Retailers are beginning to analyse prices along a product’s lifecycle in order to maximise their returns, finds Joanna Perry.

Sale window display

Price has been the biggest weapon for many retailers battling in the intensely competitive landscape of the last couple of years. Yet many in the UK are only just starting to think scientifically about the pricing and promotions decisions they make.

In the longer term, it is clear that analytics has a crucial role in retailers’ buying and merchandising departments, and can help with decisions throughout the entire lifecycle of a product. So where should retailers that want to be more strategic about pricing decisions begin, and is analytics necessary?

SAS retail pre-sales consultant Alex Fovargue argues that the amount of analysis required in modern retailing is significantly greater and more in-depth than even a decade ago. “Nearly 15 years ago while working at Dunnhumby, I was involved in the first pricing project for Tesco. We were looking at about a thousand lines. The project took about three months and was a classic Excel-based exercise. These days we are talking about analysing tens of thousands of lines on the fly.”

He explains how analytics can now be used throughout the product lifecycle: “It starts at the beginning with new product development. Simply put, what sort of products do customers want to buy and how much should you charge? The price point can be based on price elasticity but should also take into account that no product sits in isolation. Sales of one product will impact others in your assortment.”

Moving on from initial product decisions and price, markdowns is another area where optimisation based on analytics can assist, especially for non-perishable goods. It has been used widely by fashion retailers trying to sell-through products in relatively short season windows of just six to eight weeks (see box).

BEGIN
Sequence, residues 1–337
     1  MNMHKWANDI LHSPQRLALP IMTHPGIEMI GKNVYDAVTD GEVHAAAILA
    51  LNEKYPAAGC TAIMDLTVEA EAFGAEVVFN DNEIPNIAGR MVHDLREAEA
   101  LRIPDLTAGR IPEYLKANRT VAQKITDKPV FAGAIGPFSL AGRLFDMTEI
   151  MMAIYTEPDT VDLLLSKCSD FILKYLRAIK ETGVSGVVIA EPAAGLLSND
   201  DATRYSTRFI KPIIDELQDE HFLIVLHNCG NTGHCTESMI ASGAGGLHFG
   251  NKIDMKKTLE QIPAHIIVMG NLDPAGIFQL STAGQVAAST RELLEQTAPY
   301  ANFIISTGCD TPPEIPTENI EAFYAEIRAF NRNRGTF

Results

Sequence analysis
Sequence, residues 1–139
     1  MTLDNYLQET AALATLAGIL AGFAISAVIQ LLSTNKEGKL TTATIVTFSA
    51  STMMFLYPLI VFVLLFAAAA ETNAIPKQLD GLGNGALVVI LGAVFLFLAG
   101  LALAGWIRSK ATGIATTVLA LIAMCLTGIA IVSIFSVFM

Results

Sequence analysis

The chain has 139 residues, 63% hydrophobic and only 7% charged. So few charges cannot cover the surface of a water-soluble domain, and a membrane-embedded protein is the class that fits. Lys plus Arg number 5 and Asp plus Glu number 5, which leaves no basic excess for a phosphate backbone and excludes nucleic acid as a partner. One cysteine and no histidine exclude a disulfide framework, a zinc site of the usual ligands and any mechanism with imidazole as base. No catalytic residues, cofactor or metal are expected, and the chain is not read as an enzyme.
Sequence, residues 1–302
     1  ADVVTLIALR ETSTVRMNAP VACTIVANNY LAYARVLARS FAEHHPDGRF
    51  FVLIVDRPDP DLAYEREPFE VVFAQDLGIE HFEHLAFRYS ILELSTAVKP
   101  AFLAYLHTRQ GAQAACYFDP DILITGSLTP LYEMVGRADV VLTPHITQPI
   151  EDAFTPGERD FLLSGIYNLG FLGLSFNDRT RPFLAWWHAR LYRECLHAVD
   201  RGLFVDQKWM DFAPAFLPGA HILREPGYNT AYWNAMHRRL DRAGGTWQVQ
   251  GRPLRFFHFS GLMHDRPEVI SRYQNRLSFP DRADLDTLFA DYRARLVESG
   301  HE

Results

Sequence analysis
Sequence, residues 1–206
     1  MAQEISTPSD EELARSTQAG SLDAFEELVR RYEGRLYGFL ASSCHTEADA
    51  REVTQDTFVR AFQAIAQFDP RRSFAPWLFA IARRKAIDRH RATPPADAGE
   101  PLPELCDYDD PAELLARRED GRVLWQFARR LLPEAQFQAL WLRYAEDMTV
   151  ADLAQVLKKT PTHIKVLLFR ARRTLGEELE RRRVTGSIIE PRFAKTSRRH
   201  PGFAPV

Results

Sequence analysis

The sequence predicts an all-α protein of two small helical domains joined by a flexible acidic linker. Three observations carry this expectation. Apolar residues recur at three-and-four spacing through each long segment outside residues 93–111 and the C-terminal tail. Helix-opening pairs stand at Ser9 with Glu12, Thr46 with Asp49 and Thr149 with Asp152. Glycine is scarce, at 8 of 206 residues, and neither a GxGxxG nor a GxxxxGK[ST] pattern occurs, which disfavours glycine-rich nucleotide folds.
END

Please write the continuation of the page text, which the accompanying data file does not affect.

However, Fovargue says it is now also being applied to different types of retail businesses, such as non-food in grocery. For instance, should a DIY retailer discount barbecues at the end of the summer, or put them back in the warehouse for next year?

IBM director for Smarter Commerce in North East Europe Iain Devine says analytics is becoming more holistic: “It’s not just about prices of new products, but is linked to promotional offers. In the second stage, analytics is about deciding the tipping point of what percentage discount you must give a customer before they will actually buy a product. When you know they have been back several times to your site to look at your product then you can infer a tipping point.”

To the point

FreshDirect, the US online grocery business that Morrisons has taken a 10% stake in, has seen a near 1 percentage point improvement to margin by analysing its flagship ready-meal range.

Fresh Direct

Fresh Direct

The goal of the project was to increase revenue and margin without reducing the number of units sold. After testing several price scenarios, it was proven that the optimal outcome came from moving certain products between the price points of $5.99, $6.99, $7.99,

$8.99 and $9.99, rather than trying to change the price of all products. The analysis proved that maintaining these price ‘buckets’ was crucial to price perception, but customers were less bothered if individual products moved to different buckets.

The project involved the pricing team working closely with the merchandising team to create and test possible scenarios. In this case, as an online- only retailer, FreshDirect has the benefit of in-depth purchase histories and additional behavioural data from each of its customers.

Another retailer to have seen real results from analytics is Waitrose. SAS pre-sales consultant Ruth Jackson explains that the grocer was able to make a one-off reduction in stock holding of 8%, and a continual reduction in wastage of up to 4% a year, with the introduction of a forecasting system from SAS.